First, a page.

Midway through his new album Satisfied at Last, Texas troubadour Joe Ely surveys his seemingly fleeting mortality from a number of angles.
There are songs of travel, departure and return, all sung with the kind of worn country confidence that only a road-tested scribe like Ely can summon.
That can make for some life lessons that are as wily as they are worldly. Take his grand exodus song, You Can Bet I'm Gone, on which Ely sets the stage against a rugged country rhythm for his own personal judgment day. In short, he asks that his ashes be stuffed down the double barrels of a shotgun and skyrocketed into the Lone Star sky.
"Get all of my friends, some windy day," sings Ely in his arid West Texas tenor, "to say goodbye, watch me blow away."
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In perhaps less demonstrative terms, Ely asserts he has no baggage to carry when the time comes to "cross that river to the other side" in Satisfied at Last's title tune. With a regal dose of Western guitar twang behind him (courtesy of band alumnus David Grissom and The Flatlanders' Rob Gjersoe), Ely sings fondly of his farewell: "You can bet when I'm leaving, I'll be satisfied at last."
There is even a postscript already prepared to send from the hereafter in the lovely cover of Live Forever, the signature tune of another mighty Texas music champion, Billy Joe Shaver. Ely's version is almost meditative, with an acoustic shuffle propelled by churchy organ and Tex-Mex accordion from Joel Guzman.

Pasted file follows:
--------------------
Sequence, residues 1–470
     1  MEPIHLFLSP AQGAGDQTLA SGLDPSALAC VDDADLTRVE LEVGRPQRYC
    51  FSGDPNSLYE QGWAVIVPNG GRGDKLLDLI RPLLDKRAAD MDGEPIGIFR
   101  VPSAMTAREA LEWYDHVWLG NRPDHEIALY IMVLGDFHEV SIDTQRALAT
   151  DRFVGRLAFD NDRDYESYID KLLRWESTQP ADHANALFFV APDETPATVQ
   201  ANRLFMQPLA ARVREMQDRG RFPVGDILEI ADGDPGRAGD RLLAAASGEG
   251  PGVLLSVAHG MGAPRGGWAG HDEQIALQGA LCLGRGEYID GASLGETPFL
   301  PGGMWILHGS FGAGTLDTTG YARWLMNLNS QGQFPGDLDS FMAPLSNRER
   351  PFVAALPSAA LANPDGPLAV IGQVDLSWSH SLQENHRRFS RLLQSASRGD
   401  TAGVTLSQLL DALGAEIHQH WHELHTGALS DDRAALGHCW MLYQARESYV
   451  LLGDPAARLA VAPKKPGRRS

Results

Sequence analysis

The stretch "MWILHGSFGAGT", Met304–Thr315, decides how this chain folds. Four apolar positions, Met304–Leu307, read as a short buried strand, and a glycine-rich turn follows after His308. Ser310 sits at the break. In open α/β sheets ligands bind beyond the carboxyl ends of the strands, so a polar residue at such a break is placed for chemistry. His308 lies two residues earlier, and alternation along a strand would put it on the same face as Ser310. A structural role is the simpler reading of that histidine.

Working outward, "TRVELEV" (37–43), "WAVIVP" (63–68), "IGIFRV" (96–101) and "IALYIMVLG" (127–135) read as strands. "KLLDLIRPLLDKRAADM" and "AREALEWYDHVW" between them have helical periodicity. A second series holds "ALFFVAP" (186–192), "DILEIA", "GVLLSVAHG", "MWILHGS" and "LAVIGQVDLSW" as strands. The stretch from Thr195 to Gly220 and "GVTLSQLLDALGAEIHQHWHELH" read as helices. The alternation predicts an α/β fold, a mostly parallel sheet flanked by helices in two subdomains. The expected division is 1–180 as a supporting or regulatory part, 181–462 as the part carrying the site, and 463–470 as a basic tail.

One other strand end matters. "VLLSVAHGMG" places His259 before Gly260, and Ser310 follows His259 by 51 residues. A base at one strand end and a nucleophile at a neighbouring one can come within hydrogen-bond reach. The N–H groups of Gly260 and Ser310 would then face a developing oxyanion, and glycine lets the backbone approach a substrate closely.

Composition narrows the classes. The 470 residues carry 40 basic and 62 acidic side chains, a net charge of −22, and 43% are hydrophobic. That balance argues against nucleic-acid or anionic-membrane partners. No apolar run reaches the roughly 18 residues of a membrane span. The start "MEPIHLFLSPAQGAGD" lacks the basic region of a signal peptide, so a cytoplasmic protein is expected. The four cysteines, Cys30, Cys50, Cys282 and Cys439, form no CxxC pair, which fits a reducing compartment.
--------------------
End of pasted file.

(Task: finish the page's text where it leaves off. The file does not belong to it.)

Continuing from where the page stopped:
Musically, Satisfied at Last finds an affirmative middle ground between acoustic contentment and the electric dynamics that define Ely's great recordings from the '70s and '80s. The arrangements here are colored by fine contributions from numerous old friends, including steel guitarist Lloyd Maines, flamenco guitarist Teye, bassist Glenn Fukanaga and drummer Davis McLarty.
There is a curious absence, though, of a dominant guitar foil to co-pilot these songs. But that hardly proves to be a liability. Ely instead rotates the roster as to what musical voice sits in the passenger's seat. Gusman's keyboard atmospherics set the stage for the restless album-opener, The Highway Is My Home, and Maines' pedal steel howls like a distant but elegant prairie wind on Not That Much Has Changed.
Ely leaves the last word of fleeing his mortal coil on Satisfied at Last to fellow Flatlander Butch Hancock by covering his contemplative self-epitaph, Circumstance. Here the welcoming light of the hereafter beckons ("something shining over yonder hill") and Ely, only briefly, hesitates. "I know not to chase it. But I know I will.